We were walking back to the table with the masks and the Professor paused, looked up at the ceiling, and thought. Likely, his calculation was of the above two issues, and in addition how far he could push me before I snapped, or made some other error in judgment. He needed me invested, and knew that if I was going to completely abandon my post, I’d need some assurance that I wasn’t entirely alone.

Though of course we’ll never know what he was really thinking.

At any rate, he agreed.

“I want you to use extreme caution,” he said, while we picked out the right size mask for me. “Both of the devices you’ll be carrying can under no circumstances leave your possession.”

“I understand.”

“If you think you’ll be unable to keep hold of them for any reason, they should be destroyed.”

We found a mask that fit, and I walked over to a small mirror above an industrial sized sink. I’d never worn one before, nor had I worn any kind of mask, really, since childhood.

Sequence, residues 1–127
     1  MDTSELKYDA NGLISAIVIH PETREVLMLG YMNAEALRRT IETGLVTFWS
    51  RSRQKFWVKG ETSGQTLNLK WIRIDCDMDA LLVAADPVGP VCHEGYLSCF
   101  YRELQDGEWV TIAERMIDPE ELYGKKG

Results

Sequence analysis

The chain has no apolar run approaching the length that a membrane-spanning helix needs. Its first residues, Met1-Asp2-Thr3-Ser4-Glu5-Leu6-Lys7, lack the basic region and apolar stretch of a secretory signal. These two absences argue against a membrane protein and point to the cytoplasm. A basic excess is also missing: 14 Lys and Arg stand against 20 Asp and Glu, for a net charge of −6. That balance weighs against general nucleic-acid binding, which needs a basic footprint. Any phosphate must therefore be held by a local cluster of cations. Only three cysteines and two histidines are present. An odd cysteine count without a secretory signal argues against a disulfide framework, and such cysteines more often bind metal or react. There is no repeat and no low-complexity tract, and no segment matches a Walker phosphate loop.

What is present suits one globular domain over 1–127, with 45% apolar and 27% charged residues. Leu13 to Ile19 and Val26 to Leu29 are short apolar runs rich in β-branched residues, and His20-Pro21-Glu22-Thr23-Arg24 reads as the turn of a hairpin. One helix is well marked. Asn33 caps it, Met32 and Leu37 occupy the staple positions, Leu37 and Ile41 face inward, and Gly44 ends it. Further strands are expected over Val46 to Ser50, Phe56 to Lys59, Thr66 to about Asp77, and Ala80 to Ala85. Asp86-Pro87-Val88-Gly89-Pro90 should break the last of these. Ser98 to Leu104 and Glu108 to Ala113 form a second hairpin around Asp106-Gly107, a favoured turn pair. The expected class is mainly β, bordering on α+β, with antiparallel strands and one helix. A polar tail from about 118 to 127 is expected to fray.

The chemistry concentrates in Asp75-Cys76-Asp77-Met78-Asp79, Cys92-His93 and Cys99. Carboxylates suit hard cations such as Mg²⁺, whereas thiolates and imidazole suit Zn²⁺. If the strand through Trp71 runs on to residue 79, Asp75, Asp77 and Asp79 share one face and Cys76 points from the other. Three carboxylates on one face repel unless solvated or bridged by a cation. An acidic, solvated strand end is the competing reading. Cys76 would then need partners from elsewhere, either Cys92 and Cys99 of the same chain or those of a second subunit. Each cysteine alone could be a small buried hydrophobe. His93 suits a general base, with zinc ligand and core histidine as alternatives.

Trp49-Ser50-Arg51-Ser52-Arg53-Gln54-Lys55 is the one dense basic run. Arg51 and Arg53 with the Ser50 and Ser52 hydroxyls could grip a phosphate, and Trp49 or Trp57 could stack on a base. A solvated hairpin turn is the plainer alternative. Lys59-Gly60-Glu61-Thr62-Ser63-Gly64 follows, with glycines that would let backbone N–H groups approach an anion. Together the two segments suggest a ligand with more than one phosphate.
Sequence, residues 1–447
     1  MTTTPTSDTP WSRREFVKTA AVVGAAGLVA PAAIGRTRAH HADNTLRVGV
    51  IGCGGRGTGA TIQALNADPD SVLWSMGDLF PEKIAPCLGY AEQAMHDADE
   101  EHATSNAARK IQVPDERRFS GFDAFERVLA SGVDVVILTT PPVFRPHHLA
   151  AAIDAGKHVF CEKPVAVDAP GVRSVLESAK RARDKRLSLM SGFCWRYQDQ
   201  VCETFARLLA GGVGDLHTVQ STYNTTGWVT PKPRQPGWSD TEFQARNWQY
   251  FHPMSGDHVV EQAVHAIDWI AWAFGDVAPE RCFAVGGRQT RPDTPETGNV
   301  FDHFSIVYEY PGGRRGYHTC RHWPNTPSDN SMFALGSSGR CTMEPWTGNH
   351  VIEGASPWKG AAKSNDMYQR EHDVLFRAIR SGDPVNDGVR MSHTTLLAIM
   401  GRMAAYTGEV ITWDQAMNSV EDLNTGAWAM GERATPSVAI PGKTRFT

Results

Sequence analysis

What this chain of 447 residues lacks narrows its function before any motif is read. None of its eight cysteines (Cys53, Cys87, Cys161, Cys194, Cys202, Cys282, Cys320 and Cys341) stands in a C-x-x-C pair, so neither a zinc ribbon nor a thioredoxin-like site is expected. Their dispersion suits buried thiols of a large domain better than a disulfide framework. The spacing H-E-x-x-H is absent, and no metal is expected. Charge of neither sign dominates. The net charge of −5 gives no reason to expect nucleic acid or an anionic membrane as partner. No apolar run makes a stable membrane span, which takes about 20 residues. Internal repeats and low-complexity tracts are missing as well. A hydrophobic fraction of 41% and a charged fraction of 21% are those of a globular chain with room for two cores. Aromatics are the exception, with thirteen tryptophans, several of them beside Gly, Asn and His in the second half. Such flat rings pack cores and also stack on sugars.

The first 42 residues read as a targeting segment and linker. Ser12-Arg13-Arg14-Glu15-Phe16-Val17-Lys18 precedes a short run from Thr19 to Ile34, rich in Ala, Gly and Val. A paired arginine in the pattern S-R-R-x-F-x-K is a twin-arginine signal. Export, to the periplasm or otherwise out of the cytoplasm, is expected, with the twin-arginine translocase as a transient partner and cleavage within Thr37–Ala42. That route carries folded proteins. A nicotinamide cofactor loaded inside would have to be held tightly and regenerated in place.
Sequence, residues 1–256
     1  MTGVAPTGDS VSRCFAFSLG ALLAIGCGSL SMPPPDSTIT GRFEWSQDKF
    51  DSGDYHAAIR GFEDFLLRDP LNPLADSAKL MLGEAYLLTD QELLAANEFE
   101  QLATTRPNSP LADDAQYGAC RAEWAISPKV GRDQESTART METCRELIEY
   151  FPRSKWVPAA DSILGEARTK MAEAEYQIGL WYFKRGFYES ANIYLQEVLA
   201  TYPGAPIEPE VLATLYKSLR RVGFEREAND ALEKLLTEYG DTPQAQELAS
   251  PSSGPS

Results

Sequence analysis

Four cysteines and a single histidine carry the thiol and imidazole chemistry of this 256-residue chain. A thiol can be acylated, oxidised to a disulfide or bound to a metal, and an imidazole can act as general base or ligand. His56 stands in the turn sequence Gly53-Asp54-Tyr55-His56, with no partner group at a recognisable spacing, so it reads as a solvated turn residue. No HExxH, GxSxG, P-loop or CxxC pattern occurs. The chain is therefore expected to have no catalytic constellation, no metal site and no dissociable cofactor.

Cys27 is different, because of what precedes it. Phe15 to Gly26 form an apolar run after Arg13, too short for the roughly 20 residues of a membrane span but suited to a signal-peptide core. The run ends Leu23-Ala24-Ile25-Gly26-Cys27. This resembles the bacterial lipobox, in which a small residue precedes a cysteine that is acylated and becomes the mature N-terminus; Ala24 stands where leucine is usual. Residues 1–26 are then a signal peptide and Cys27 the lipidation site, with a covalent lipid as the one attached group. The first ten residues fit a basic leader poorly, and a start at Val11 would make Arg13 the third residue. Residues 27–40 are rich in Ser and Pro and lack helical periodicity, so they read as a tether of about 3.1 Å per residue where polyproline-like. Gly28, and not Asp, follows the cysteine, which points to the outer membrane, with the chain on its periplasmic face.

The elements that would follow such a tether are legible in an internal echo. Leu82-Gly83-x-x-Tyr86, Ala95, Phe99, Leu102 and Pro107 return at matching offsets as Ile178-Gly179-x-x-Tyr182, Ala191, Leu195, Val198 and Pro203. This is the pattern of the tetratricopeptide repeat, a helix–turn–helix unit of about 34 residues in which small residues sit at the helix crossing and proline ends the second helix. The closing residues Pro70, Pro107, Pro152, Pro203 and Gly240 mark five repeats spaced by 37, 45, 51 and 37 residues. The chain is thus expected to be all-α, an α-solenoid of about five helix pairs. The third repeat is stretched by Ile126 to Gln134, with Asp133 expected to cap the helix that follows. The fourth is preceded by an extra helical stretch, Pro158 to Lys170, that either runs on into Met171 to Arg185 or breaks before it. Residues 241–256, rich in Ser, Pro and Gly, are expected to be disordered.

“Had you ever worn one of these before today?” I asked.

“Heavens no,” the Professor said. “But I can’t say I blame the public for wanting protection from people like us.”

“People like us?”

“The people watching.”

“It feels…” I looked for the right word. “Powerful.”

“Then it’s doing its job.”

I thought of watching Helen in hers, and found the thought that we’d both be out there, in the world, looking so similar, strangely erotic.

The Professor shuffled off to a far wall and returned with the tiny monitor I’d use to keep tabs on Helen’s progress.

“Have you used one of these?” he asked.

“Yeah, just in the lab, but I should be okay.”

“I’ll be in your viewing room, and you can use it to speak to me if you need to. But keep the conversation to a minimum, if you can. I haven’t been at the helm for years, and it’s going to take all of my concentration.”

We walked together to the door of his workshop, and the Professor paused, letting me walk ahead. I turned around.